ADAM: Yeah, thereís a documentary being made right now about the ďSplat PackĒ and they asked to interview me, and I said ďWhy?Ē and they said ďWell, youíre in it,Ē and I said, ďNo Iím not.Ē I guess Alan Jones, the critic who coined the phrase, dubbed me in the ďSplat PackĒ which is kindíve odd because my movie isnít out yet. And the only thing the Splat Pack has in common is that their movies have made shitloads of money, and we donít really even have that chance. Weíre on like 70 screens, thereís no marketing, thereís no billboards, thereís no t.v. commercials, itís all word of mouth. People are like ďDo you think HALLOWEEN is going to do better than HATCHET?Ē Itís like, of f*cking course it is - we donít even have a chance against it. The thing that Iíd like to see with HATCHET is for the fans to put their money where their mouth is and actually show up... I hope they realize that this is their chance, because if they show up in droves, itís going to send a message to Hollywood that there is an audience for something besides remakes - especially with what happened this last weekend. Every remake that was lined up, just got greenlit.
Who first came up with the concept of the ďHatchet Army?Ē
ADAM: Oddly enough, I was using that in my blogs sometimes, I would just say ďthe Hatchet Army needs to support original horror movies.Ē The one thing about the Hatchet Army is that itís not just for HATCHET. I think I said it when BEHIND THE MASK opened, ďthe Hatchet Army needs to show up for this movie, please support it.Ē And SLITHER as well. Then a guy who goes by the name ďUncle CreepyĒ at Dread Central just dubbed himself the general and created a Myspace page for the Hatchet Army, which funnily enough, just got hacked into and destroyed. Someone went in and deleted the whole thing. Itís really amazing how dirty Hollywood will play - not only did they attack our Myspace page, weíve had several attempts to take down our website over the past week. Whoever it is, why are they afraid of a little movie like this? Even if we sold out every seat in every theater, itís nothing. Itís nothing! Somebodyís clearly scared, and I think that thatís awesome.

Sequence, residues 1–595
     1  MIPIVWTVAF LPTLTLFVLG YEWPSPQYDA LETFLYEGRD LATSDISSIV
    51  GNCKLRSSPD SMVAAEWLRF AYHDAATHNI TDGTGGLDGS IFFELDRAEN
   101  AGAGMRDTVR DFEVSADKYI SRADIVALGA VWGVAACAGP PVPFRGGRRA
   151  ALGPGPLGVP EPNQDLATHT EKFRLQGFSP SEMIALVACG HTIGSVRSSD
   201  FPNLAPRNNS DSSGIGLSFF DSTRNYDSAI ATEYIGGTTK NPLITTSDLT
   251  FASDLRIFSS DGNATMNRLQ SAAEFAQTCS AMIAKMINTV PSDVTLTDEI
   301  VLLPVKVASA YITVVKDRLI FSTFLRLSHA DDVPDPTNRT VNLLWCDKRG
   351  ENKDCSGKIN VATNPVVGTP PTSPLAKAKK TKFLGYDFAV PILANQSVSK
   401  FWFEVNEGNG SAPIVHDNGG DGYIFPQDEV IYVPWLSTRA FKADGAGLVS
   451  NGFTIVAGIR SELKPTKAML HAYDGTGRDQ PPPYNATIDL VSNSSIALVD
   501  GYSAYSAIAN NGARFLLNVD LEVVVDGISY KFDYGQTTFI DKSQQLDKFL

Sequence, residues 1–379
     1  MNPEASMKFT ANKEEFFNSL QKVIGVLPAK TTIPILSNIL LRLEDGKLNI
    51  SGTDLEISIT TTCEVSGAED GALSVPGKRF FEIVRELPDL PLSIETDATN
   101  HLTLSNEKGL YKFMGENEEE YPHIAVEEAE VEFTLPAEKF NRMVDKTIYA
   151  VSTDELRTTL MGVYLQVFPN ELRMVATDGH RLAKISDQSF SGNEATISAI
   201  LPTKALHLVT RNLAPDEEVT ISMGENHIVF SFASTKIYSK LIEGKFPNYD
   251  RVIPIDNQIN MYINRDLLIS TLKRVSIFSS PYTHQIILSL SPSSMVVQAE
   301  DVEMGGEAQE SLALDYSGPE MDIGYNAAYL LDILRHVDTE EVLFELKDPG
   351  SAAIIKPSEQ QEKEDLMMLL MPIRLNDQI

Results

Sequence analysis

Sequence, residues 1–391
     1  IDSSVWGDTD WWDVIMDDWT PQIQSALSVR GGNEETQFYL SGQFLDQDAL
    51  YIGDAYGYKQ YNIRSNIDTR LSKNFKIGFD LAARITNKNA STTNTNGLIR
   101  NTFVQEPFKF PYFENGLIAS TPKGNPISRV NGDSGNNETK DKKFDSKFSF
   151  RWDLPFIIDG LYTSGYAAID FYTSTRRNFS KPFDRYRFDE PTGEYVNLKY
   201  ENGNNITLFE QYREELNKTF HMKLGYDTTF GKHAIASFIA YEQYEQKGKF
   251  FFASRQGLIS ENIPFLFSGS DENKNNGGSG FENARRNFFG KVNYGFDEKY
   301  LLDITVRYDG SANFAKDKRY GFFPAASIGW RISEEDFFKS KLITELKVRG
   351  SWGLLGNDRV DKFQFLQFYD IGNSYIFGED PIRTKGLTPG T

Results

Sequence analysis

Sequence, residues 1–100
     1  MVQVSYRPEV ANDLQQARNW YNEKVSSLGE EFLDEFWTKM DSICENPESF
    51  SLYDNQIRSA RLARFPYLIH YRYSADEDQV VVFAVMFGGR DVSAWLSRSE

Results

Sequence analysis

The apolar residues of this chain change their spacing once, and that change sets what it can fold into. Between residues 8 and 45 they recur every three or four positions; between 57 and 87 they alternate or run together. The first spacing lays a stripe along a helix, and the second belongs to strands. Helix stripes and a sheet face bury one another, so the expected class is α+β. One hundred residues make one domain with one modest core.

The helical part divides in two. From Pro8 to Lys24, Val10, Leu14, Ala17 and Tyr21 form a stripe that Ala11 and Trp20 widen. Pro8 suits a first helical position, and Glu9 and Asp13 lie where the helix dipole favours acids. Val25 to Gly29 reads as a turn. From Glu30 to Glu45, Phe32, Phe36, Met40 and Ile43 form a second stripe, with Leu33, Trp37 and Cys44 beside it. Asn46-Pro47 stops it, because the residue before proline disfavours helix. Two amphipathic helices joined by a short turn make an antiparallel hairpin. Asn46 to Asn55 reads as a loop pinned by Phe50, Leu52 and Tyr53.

I wondered what you thought of BEHIND THE MASK and the way it deconstructed the genre. Your movie is somewhat subverting the genre in a different way, but itís still being very faithful to it.
ADAM: Itís funny, because both of our films were doing the circuit at the same time, but I just never met Scott - and he lived down the street from me! It took us going to Barcelona, and they showed HATCHET and BEHIND THE MASK back to back there. Because they thought it was cool to show a movie like HATCHET that celebrates the genre, and a movie like BEHIND THE MASK that deconstructs it. And I think for that audience it was one of the coolest things, to sit there for three hours and watch those back to back. So I met him there, heís just awesome, and his movieís great.